The report offers three suggestions about possible modifications to the experiment.  Reading the entire study, therefore, will provide valuable information for any state or district considering implementing similar initiatives.

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Department of Education Releases New Foster Care Transition Tool Kit

The U.S. Department of Education, in partnership with the departments of Health and Human Services, Housing and Urban Development, Transportation, and Labor, recently released the Foster Care Transition Toolkit to support current and former foster youths who want to pursue college and career opportunities. The tool kit incorporates input from practitioners and current and former foster youths, and includes tips and resources to aid foster youths as they transition into adulthood. It also serves as a resource for caseworkers, care givers, teachers, and mentors who serve foster youths.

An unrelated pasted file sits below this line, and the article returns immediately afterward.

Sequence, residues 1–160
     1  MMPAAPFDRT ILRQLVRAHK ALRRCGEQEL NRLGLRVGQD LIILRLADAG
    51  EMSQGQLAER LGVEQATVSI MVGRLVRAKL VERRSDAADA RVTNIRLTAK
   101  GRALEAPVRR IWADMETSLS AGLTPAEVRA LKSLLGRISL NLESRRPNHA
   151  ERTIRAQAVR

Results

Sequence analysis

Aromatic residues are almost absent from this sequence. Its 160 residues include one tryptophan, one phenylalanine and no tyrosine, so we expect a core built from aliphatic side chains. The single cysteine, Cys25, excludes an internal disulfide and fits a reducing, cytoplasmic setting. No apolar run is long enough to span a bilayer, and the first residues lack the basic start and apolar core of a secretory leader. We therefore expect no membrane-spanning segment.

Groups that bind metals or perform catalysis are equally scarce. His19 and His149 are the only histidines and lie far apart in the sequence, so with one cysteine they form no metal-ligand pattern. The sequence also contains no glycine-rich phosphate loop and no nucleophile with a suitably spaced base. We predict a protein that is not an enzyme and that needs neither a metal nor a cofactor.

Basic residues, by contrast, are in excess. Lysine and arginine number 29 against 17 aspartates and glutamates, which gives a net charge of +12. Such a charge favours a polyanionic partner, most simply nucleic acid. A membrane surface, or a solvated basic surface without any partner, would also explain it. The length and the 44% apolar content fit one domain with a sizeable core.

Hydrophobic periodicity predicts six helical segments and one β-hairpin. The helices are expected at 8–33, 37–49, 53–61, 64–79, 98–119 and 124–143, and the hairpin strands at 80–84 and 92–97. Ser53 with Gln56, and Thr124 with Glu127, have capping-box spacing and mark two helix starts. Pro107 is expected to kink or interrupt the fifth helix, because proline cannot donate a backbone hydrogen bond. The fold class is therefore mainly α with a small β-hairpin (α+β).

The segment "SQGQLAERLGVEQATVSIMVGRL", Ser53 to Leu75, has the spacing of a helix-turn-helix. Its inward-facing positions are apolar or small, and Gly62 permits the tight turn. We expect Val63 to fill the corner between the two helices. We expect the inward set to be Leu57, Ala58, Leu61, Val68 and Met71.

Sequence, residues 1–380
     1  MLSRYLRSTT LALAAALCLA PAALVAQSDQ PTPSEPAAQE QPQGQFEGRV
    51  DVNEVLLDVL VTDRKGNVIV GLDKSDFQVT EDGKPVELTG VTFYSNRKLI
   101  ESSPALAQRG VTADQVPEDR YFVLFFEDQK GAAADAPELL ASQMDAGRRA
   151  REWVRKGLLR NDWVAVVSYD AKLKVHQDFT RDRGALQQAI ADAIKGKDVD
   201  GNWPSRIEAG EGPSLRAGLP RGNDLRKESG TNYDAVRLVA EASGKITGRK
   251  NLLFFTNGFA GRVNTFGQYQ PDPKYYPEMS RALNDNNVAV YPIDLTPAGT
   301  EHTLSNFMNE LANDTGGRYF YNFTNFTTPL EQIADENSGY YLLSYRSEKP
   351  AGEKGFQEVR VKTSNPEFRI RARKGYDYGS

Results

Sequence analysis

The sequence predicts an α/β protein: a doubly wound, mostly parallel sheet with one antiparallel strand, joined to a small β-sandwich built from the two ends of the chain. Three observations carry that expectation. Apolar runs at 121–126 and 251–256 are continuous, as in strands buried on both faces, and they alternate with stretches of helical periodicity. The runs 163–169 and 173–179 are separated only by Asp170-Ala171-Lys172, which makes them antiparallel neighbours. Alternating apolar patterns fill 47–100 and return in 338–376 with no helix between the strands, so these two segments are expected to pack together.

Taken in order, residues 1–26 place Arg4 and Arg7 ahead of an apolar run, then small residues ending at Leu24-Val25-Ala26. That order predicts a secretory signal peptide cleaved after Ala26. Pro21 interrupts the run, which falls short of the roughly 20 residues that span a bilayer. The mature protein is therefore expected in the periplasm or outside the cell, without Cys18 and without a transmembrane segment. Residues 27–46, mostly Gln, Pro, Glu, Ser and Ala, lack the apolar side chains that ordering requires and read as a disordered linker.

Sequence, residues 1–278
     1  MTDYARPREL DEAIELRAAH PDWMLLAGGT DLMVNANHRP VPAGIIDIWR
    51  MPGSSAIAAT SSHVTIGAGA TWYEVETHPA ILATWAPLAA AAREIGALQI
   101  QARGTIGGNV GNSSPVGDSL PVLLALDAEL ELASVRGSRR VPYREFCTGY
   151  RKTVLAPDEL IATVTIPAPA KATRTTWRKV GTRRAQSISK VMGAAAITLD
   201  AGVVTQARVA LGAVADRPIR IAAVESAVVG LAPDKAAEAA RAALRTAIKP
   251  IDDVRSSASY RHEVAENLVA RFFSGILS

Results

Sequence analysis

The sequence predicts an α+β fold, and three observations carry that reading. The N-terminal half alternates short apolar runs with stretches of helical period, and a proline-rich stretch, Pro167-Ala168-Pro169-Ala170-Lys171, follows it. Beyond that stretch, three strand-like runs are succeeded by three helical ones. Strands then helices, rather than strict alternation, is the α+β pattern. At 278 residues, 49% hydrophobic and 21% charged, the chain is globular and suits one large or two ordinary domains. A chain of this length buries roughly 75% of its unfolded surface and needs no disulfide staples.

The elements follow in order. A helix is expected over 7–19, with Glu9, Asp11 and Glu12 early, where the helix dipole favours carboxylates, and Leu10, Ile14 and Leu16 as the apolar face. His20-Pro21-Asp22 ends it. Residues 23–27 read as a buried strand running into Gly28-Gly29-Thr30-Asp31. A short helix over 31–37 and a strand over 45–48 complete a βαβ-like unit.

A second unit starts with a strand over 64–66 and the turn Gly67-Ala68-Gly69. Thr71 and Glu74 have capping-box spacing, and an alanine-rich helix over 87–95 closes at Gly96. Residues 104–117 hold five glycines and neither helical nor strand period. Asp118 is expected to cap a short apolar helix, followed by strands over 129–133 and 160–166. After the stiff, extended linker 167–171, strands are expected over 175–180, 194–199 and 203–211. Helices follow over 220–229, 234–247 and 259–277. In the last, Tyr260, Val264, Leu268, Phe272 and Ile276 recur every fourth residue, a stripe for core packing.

There are currently over 400,000 children and youths in America’s foster care system, and every year more than 23,000 of them age out of the system without ever having a permanent home. Many of these youths lack the structures and supports to access and navigate the many emotional, educational and skills barriers ahead of them.

The Department of Education has long recognized that a high-quality education can help foster youths achieve life success despite past experiences with abuse, neglect, separation, and other barriers. This tool kit aims to help both youths in foster care and those who have aged out of the system successfully move into adulthood, continue to postsecondary education, and set out on a fulfilling career.

The tool kit includes information on

  • financial aid and money management;
  • mentoring opportunities;
  • job and career support;
  • health care resources;
  • transportation options; and
  • housing and food benefits.

The toolkit will be distributed through social media, foster care groups, advocates, teachers, school counselors and other stakeholders.